Griffith Introduces the Legitimate Use of Medicinal Marijuana Act

Congressman Morgan Griffith (R-VA) issued the following statement after introducing H.R. 4498, the Legitimate Use of Medicinal Marijuana Act (LUMMA):

“Decades ago, I knew of someone who was suffering from cancer.  This man had a two-year-old child and wanted to do all in his power to spend as much time as possible with his child.  Every moment was important to him.

“I was told by his friends that his doctors instructed hospital staff to not go into his room between 11 a.m. and twelve noon.  His friends would sneak marijuana into the hospital for him to use medically during that time.  Doing so gave him the appetite and ability to eat his lunch, which arrived at noon, thus increasing his strength and giving him potentially more time with his child and other loved ones. 

“25 years later and hours away, I am answering questions from a group of high school students when the issue of marijuana came up.  After discussing the above situation, another hand goes up.  I am expecting a return to questions about the recreational use of marijuana, which I oppose.  Instead, the room goes quiet as the young man says, ‘They did that for my daddy too.’

“Isn’t it cruel to not allow real doctors, real drug companies, and real pharmacists to use marijuana for legitimate medical reasons for real patients?  We use all sorts of opioids under the same scenario that this bill would allow us to use marijuana.  The Legitimate Use of Medicinal Marijuana Act would merely allow health care professionals and patients to have another legal tool to use.

“The Legitimate Use of Medicinal Marijuana Act would have the federal government legally allow the states to move towards an appropriate use of medicinal marijuana.  Virginia passed a medical marijuana statute for glaucoma and cancer treatment in 1979 in the anticipation that one day, federal law would allow it.  It probably should have happened sooner, but Virginia’s responsible approach should have to wait no more.”


On Monday, April 28, 2014, Griffith introduced the Legitimate Use of Medicinal Marijuana Act (LUMMA).  This bill would prohibit the federal government from preventing the prescription, possession, transportation, and distribution of marijuana for medical purposes in compliance with applicable state law.  The bill would also reclassify marijuana from a Schedule I drug to a Schedule II drug.  The Controlled Substance Act (CSA), which became law in 1970, provides for the current classification of marijuana.  In 1979, Virginia passed measures to permit the use of marijuana for the purposes of treating cancer or glaucoma.  However, this is blocked by the current federal law, which Griffith’s bill would alleviate.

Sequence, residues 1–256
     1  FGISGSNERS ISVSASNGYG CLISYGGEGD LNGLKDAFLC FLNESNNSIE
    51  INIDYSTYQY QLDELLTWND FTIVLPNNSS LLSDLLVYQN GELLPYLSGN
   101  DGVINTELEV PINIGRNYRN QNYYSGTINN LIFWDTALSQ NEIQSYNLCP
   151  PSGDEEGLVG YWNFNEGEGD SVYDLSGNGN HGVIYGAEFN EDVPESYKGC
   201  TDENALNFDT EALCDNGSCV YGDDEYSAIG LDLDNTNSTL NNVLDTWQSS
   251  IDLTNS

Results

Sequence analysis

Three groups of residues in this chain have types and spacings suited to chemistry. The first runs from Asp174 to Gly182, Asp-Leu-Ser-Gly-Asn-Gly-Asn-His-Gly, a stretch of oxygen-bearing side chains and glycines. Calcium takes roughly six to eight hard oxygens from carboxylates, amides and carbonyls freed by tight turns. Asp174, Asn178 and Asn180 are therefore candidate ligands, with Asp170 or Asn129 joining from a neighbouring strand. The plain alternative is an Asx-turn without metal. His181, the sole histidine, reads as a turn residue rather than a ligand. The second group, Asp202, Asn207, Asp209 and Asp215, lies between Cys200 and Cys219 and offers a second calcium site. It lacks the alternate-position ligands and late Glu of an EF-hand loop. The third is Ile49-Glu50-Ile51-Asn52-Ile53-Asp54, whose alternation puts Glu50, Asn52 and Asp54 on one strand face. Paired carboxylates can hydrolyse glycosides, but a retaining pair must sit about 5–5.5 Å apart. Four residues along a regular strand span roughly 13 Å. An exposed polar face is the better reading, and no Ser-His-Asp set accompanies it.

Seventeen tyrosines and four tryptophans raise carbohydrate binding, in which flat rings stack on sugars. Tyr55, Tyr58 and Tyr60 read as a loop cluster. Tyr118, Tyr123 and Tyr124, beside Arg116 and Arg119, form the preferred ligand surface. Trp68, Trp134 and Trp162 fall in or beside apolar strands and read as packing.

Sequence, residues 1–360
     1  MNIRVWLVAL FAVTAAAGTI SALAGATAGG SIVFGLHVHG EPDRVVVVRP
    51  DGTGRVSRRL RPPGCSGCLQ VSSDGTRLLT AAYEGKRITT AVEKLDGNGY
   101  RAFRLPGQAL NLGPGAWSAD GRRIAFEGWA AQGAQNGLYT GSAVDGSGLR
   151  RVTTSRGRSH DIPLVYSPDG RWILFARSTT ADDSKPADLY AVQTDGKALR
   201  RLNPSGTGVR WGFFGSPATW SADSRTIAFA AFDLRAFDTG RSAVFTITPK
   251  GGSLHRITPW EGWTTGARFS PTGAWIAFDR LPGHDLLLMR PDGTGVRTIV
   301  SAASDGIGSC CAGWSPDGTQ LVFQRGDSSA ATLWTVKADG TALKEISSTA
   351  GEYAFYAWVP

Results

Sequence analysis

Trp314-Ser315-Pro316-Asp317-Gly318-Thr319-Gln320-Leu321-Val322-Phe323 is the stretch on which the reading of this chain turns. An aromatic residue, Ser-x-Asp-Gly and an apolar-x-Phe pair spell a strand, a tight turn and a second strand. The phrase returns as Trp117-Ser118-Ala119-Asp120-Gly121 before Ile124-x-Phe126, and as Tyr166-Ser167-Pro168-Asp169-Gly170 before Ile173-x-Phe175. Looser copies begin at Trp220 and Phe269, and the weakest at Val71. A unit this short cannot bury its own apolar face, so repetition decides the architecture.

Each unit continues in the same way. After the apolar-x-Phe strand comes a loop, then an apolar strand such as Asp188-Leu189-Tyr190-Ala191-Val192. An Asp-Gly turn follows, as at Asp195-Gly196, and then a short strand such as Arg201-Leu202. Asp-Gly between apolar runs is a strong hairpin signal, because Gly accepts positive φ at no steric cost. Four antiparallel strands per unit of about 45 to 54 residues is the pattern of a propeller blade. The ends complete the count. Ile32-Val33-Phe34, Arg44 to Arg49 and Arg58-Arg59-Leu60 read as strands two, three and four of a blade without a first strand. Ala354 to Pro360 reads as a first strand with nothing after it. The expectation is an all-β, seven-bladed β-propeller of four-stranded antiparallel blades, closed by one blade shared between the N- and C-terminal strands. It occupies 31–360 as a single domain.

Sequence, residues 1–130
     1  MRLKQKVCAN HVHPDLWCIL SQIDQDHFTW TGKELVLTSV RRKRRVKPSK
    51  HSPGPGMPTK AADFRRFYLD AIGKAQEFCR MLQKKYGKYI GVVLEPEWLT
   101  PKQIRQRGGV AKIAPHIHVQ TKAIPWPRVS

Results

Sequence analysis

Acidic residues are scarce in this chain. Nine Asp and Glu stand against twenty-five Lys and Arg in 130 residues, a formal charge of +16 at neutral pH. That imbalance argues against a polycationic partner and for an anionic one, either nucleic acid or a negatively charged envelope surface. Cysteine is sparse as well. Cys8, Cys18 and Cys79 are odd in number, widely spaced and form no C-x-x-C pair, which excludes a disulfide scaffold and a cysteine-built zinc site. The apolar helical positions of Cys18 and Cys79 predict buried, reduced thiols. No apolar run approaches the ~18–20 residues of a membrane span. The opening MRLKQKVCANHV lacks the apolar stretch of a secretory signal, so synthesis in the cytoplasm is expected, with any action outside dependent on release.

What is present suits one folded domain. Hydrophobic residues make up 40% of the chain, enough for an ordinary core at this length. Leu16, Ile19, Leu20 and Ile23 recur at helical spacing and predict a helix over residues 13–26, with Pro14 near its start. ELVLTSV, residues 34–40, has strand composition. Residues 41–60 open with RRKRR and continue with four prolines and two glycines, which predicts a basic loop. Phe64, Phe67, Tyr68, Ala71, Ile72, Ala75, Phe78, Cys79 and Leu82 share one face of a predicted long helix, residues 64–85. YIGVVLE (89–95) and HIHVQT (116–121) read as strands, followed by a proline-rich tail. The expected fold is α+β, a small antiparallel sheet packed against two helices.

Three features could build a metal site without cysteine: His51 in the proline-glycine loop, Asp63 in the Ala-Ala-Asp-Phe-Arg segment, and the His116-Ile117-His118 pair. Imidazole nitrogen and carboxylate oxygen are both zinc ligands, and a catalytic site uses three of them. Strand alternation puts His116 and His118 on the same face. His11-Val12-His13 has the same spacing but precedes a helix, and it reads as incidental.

There are other possible uses for medical marijuana, including epilepsy.  The Washington Post recently highlighted families like that of Beth Collins, formerly of Fairfax County.  Ms. Collins, who “…said her teenage daughter suffered as many as 300 epileptic seizures per day…”  recently moved with her family to Colorado to try medical marijuana oil in an effort to give her daughter Jennifer “a chance at a normal life.”

According to the Washington Post, “’I feel a lot better,’ Jennifer said of the treatment, which is scientifically untested.  ‘I can focus more, I’m doing better on tests in school. My memory’s improved a lot.’ Her seizures are ‘not completely gone,’ but her mother said that ‘we’ve had days where I’ve seen very few, maybe one or two. That’s a major decrease.’”

Text of the Legitimate Use of Medicinal Marijuana Act (LUMMA) is attached.  Also attached is Virginia’s medical marijuana law.


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